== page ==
Demand for mental health training increases as Australians adjust to the ‘new normal’


Pippa Rose

SuperFriend, the national workplace mental health and wellbeing organisation, has seen increased demand for mental health and wellbeing training from Australian workplaces for their employees amid the COVID-19 pandemic.

Since social distancing measures were enforced in March, SuperFriend has seen a marked increase in demand for its support, delivering more than 80 mental health and wellbeing training and information sessions throughout the period.

The top industries seeking support for their employees during this challenging time include government, energy, and financial services — with over 80% of sessions delivered for the financial services sector alone.

Recognising the toll the last three months has taken on the media industry, SuperFriend hosted an exclusive training session for journalists on self-care and safe reporting on mental health, partnering with Mindframe, who advocate for safe reporting on suicide and mental ill-health.

“The pandemic is testing the mental health of Australian workers through ongoing challenges; changes to their work, whether through reduced hours or being laid off, working remotely or behind protective equipment, and job insecurity or financial stress” says Margo Lydon, Chief Executive Officer of SuperFriend.

“In a short space of time, there has been an increase in anxiety around physical safety and fear for loved ones, along with a decrease in financial and job security. On top of this, forced isolation means withdrawing from our usual social networks, exacerbating loneliness and often worsening existing mental health issues.

“It’s fairly common at the moment to have days when we aren’t feeling our best, as there are lots of things outside of our control at the moment. It’s more important now than ever to talk about mental health, especially around the challenges we’re all experiencing,” added Ms Lydon.

The Productivity Commission estimates that one in five Australians experience a mental health condition in any year and over their lifetime, with mental health costing Australian workplaces $17 billion every year.[1]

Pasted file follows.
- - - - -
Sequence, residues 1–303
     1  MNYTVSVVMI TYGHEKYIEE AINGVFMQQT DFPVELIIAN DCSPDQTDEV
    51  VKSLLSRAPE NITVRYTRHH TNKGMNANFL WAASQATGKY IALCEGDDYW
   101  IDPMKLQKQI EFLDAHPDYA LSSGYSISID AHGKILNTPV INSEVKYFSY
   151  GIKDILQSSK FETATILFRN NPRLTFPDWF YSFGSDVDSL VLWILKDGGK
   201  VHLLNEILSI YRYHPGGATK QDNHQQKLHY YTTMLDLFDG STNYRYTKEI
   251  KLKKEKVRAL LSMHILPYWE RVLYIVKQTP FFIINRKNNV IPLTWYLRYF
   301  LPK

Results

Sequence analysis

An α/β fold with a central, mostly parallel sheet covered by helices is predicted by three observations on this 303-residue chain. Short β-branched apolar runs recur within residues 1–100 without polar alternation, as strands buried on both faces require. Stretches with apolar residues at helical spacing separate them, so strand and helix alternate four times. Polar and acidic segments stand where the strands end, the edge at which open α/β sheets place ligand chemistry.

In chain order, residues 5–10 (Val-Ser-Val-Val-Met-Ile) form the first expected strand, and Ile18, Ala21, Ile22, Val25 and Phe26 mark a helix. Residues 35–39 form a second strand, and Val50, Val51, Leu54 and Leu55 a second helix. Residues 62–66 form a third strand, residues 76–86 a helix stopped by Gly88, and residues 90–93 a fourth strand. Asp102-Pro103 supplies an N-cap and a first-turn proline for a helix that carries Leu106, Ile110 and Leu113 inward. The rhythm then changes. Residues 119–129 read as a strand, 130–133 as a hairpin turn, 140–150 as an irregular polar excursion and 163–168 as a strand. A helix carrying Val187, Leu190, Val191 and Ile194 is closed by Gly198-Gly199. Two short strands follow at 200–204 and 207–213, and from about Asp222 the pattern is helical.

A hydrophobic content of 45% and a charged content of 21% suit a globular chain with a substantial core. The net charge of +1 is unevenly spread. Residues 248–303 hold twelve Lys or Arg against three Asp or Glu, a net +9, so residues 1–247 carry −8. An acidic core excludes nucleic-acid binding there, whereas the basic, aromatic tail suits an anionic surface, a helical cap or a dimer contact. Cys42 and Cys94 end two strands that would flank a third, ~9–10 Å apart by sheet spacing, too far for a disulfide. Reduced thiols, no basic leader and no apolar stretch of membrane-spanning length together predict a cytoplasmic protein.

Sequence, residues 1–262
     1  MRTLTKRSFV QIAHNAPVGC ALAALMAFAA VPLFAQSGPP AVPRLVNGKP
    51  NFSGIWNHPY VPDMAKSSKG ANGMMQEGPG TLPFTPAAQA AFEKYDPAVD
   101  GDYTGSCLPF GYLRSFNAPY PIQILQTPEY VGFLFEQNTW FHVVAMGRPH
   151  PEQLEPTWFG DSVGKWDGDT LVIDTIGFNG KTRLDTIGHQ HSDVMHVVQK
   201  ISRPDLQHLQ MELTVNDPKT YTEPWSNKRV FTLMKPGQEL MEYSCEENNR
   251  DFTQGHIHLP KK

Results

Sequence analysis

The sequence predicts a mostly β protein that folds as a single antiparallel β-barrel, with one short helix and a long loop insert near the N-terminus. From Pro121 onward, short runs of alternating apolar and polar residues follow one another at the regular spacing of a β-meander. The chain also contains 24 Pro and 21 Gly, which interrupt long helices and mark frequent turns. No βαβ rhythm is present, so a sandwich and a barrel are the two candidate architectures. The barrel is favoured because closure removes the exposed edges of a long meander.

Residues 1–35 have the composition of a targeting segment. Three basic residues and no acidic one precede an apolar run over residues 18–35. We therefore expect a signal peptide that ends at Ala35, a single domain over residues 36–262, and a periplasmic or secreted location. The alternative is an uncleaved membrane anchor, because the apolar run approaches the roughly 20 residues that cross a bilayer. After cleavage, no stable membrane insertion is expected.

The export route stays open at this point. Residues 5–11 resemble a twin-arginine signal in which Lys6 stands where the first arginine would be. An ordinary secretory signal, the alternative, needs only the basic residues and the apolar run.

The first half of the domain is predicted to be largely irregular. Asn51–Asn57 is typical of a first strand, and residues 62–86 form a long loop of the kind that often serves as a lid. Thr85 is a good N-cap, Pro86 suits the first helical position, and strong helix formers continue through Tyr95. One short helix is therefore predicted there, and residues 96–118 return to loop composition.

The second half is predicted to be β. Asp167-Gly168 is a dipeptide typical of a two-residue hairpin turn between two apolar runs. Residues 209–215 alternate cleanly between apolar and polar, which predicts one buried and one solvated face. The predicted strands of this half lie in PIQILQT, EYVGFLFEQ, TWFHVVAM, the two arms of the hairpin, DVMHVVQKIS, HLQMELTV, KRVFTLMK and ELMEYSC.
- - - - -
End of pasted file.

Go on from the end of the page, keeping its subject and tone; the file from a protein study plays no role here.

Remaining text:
Ms Lydon notes, “Increasing understanding and literacy around signs of poor mental health, as well as strategies for improving mental health can help people to access support, ultimately minimising harm and building thriving workplaces. When people are well supported, it leads to increased productivity and profitability.”

Five ways to wellbeing

As part of its training, SuperFriend encourages Australian workers to implement five ‘try at home’ ways to strengthen their psychological health and reduce stress.

This ‘Five Ways to Wellbeing’ includes: Connect, Keep Learning, Take Notice, Be Active and Give. 



Pippa Rose, Head of Consulting at SuperFriend said: “It’s a good model to think about the things that you can engage in to support your wellbeing. These are things we can do at no cost, and are all evidence-based in supporting and improving wellbeing.

“Things like making time to connect with friends and family, learning and keeping our brains curious whether through an online course or learning a new language, staying active even if for a few minutes a day, and being aware of what’s happening around you. Reflecting daily on things you’re grateful for also goes a long way towards improving wellbeing.

Ms Rose believes mental health is complex and impacted by many factors that are inherently more difficult to identify and manage than those affecting physical health.

“However there are practical and effective actions that can help people to support their mental health and wellbeing. Simple steps, such as integrating the Five Ways to Wellbeing into your daily routine, can not only encourage healthy thinking but give you a sense of control, boost productivity and reduce stress in these uncertain times” she concluded.


You must be logged in to post or view comments.